Thanks, Joe. That's a good question. I think on the construction side we have continued to see a pretty competitive market. As you pointed out and we talked about last quarter, we were planning some price actions in price realization actions in the second-half of the year. We actually put those into effect as a discount reduction that took effect the 1st of July. We did see the benefit of that in July. So, our expectation as we continue to see that benefit in the fourth-quarter. As we start to think about model year '19, you'll continue to look at the market base, what's going on, but also cognizant of the fact that you've got material prices and other things moving up.

Joe O'Dea -- Vertical Research Partners -- Analyst

Got it. Thank you.

Josh Jepsen -- Director Investor Relations

Thanks. Next question.

Operator

Our next question comes from Steve Volkmann with Jefferies. Your line is open.

Steve Volkmann -- Jefferies -- Analyst

Great. Thanks guys and good morning. I just had kind of a big picture question. I guess we can all sort of try to figure out the tariffs and all that other stuff but given that we are sort of starting our replacement cycle here, would you expect absent things like tariffs and major changes in farm income, etc? Do you think ag sales would be up more next year or sort of a similar amount or maybe less? I'm just trying to get a sense of what you think the replacement demand is?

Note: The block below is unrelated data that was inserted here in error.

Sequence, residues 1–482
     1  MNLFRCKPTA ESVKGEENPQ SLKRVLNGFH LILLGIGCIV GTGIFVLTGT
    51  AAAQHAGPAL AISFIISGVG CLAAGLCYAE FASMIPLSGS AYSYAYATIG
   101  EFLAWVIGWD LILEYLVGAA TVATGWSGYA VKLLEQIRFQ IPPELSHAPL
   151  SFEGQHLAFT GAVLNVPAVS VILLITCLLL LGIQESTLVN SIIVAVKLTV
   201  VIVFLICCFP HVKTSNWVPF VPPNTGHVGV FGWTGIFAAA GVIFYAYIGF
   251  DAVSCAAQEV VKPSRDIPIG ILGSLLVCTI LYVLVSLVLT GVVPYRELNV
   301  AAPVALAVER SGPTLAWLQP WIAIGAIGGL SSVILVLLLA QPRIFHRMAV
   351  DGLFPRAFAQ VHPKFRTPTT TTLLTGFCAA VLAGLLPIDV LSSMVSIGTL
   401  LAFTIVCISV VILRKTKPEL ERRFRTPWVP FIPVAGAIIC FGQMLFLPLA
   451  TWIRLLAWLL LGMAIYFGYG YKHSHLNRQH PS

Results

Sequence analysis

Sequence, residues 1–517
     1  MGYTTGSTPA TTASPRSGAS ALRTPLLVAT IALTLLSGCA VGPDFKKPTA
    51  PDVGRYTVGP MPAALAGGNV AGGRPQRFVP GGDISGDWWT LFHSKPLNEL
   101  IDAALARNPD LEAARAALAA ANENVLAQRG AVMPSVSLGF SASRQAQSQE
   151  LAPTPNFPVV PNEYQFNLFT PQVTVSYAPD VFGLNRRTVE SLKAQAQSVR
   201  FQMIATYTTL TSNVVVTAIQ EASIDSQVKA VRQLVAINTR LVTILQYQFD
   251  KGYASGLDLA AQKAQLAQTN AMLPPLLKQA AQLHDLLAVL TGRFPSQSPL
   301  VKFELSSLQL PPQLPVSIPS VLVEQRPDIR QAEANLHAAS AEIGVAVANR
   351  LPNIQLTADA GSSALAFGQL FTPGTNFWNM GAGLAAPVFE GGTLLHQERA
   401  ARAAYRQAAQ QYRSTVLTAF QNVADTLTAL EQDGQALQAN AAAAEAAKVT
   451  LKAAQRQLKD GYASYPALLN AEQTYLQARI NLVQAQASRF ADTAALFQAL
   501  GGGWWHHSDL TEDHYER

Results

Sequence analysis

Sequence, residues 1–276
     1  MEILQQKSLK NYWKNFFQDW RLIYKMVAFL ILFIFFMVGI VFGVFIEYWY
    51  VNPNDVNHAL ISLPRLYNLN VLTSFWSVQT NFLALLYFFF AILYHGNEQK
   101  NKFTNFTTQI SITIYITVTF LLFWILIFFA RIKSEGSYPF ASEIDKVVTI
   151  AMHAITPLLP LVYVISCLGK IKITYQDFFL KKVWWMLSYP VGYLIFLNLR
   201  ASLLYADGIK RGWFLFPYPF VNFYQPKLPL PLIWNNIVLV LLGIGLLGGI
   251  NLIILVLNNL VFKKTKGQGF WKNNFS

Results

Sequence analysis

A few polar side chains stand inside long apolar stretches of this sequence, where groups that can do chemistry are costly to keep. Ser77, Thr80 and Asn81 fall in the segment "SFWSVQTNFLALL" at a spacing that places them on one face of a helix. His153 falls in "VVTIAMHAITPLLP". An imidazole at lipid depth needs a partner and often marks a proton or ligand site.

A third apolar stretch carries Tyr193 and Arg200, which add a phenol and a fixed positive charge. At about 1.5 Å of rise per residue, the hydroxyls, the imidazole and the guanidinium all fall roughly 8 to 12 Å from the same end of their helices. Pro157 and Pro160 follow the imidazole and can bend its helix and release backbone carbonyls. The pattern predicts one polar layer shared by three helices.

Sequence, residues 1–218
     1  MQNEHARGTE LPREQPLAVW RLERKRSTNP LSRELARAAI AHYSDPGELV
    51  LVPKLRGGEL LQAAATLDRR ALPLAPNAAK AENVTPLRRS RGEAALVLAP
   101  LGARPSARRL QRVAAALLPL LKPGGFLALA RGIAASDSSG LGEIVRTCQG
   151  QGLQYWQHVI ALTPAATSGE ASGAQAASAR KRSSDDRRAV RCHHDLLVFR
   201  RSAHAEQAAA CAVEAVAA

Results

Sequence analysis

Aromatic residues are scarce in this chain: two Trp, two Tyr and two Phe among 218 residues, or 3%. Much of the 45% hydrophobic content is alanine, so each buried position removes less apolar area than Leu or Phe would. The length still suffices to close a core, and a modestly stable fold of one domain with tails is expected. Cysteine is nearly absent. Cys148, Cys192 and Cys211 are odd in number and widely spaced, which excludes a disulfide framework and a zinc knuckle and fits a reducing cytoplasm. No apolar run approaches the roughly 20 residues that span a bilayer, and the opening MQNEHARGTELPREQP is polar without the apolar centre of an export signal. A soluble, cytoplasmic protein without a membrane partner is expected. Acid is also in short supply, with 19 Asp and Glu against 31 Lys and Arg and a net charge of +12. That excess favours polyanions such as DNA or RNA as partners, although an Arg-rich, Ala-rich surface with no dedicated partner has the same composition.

Josh Jepsen -- Director Investor Relations

Yes, that's fair. I mean, I think what we're seeing is the replacement and demand is continuing. I think some of these months, we've seen some of the sentiment. Obviously, be weighed upon with some of the trade concerns. But, continuing to see that demand for equipment. Really, I think what's important is, it's not just the new buyer looking for updated tech, the latest technology in productivity, but it's working down through that trade ladder. So, whether it's the second, third or fourth buyer, they're upgrading technology as well, and I think that's really important in terms of what we're seeing. I think we need to step back and look at the fundamentals. You're really from where we were a quarter ago, they haven't necessarily changed in terms of cash receipts, are relatively flat to where we were. Demand for grains globally continues to grow and drive where we're at.